Many people don’t realize how many famous companies went public via a reverse merger. The venerable institution
the New York Stock Exchange went public in 2006 by doing a reverse merger. Some of the most high profile reverse mergers involve well known businessmen
such as Warren Buffett, Ted Turner, Tony Robbins as well as Muriel Siebert, the first woman to purchase a seat on the NYSE (New York Stock Exchange).
There are also many brand name corporations who have utilized a reverse merger including Burger King, Jamba Juice, Blockbuster Video, Tandy Corporation
(Radio Shack), Texas Instruments and Waste Management.
Although they are not as high profile as an IPO (Initial Public Offering),
reverse mergers are a viable option for companies large
and small that are seeking to go public. A reverse merger is enacted when a private company merges into a pre-existing public shell in order to become a public
company. There are several reasons for choosing to employ a reverse merger but the main motivations are the accelerated speed of going public and the increased
access to capital sources available once a company does go public.
Most people familiar with the financial world know the name of Warren Buffett, he is one of the wealthiest men in the world and like
the old brokerage firm ad says when he talks, people listen. A reverse merger was good enough for him; Buffett bought out a textile manufacturing company and then merged
his insurance empire into it without even changing the name. His company, Berkshire Hathaway, is the product of one of the most famous reverse mergers to date.
CNN founder Ted Turner merged his Turner Outdoor Advertising to create the Turner Broadcasting System. Motivational speaker and life coach Anthony "Tony" Robbins was involved
with an online self-help company that employed a reverse merger to jump start the going public process.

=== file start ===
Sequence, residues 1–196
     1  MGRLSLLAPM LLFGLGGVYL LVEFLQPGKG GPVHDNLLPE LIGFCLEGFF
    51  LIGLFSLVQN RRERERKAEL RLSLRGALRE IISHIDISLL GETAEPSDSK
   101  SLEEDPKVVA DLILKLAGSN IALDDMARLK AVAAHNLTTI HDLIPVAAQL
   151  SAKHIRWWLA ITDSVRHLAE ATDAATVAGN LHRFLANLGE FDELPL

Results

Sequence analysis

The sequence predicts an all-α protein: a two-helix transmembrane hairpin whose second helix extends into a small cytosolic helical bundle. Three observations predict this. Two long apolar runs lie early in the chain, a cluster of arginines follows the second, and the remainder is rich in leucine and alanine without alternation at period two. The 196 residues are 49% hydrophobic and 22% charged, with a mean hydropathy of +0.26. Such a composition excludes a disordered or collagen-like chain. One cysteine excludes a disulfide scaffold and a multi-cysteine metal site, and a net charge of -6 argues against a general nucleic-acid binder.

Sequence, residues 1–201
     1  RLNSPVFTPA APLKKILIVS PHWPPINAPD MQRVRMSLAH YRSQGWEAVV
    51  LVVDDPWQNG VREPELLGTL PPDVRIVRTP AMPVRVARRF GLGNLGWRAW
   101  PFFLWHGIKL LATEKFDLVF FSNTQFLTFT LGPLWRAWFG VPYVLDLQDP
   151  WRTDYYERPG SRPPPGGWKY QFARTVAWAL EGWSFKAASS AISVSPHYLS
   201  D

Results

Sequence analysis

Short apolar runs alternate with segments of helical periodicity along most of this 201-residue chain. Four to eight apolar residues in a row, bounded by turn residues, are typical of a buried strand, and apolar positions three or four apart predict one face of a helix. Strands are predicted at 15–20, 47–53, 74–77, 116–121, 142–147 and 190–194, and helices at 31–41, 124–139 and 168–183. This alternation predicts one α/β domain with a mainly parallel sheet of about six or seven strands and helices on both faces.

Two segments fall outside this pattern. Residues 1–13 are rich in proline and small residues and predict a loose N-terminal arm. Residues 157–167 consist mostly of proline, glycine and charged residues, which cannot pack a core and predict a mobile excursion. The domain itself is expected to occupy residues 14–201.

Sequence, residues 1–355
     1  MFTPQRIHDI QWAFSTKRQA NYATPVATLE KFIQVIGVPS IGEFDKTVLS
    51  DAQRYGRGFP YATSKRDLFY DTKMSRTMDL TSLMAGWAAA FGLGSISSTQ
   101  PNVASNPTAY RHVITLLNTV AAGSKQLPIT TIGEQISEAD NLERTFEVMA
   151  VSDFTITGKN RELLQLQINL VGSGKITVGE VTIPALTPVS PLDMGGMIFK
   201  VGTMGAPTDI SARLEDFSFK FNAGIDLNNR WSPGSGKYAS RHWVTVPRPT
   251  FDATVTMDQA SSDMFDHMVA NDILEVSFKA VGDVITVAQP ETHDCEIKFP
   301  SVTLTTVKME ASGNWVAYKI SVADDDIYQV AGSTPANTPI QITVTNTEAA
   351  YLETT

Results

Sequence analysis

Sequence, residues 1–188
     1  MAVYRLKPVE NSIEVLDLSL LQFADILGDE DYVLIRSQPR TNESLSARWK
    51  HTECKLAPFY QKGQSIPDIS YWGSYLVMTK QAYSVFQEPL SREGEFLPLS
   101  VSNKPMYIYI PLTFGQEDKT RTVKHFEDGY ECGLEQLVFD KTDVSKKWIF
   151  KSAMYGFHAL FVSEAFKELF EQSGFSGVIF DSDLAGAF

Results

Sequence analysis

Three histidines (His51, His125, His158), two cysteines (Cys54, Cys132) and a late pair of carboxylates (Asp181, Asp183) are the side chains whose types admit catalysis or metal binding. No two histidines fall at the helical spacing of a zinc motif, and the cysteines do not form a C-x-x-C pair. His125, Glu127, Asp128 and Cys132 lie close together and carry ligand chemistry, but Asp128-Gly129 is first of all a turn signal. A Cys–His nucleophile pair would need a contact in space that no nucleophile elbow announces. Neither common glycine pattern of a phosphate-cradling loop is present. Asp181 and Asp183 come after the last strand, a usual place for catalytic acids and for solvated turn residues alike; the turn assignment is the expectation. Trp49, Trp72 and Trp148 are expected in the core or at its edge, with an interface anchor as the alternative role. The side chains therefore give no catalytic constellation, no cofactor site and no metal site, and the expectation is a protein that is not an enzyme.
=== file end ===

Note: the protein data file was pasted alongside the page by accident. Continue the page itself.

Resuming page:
After becoming the first woman to purchase a seat on the NYSE, Muriel Siebert used a reverse merger to take her titular brokerage firm public,
the company stock maintained a price greater than $70 for over one year. Not bad for a college dropout.
Oilman and industrialist Armand Hammer (not to be confused with Arm & Hammer baking soda), is considered to be the creator of the reverse merger back in
the 1950s. He invested in a shell company and merged his company, now the highly successful Occidental Petroleum into it.
Not all reverse mergers are employed as a strategy to go public. When ABC Radio and Citadel Broadcasting Corporation merged the intention was to transfer ABC Radio from its parent company, Disney, to a new entity.
Both Texas Instruments and Tandy Corporation, the parent company of Radio Shack, (who coincidently sells Texas Instruments products in their stores),
each went public with a reverse merger. Nationally known restaurant chains such as Burger King and Jamba Juice also went public via the reverse merger, as did Waste Management,
another profitable company.
But perhaps the example that holds the most weight is that of the original US Stock Market. After the New York Stock Exchange was acquired by Archipelago Holdings,
the newly formed NYSE Group determined a reverse merger was the most effective method to achieve their goal of going public to raise capital.
So you can see the list of famous, successful businesspeople and corporations who have used a reverse merger is long. We have illustrated a few examples here:
Reverse Merger Examples
This impressive canon highlights the track records of many prosperous companies who have utilized a
reverse merger to go public and raise capital. Any company who is seeking to accelerate the going public process by way of a reverse merger will find themselves in pretty good company.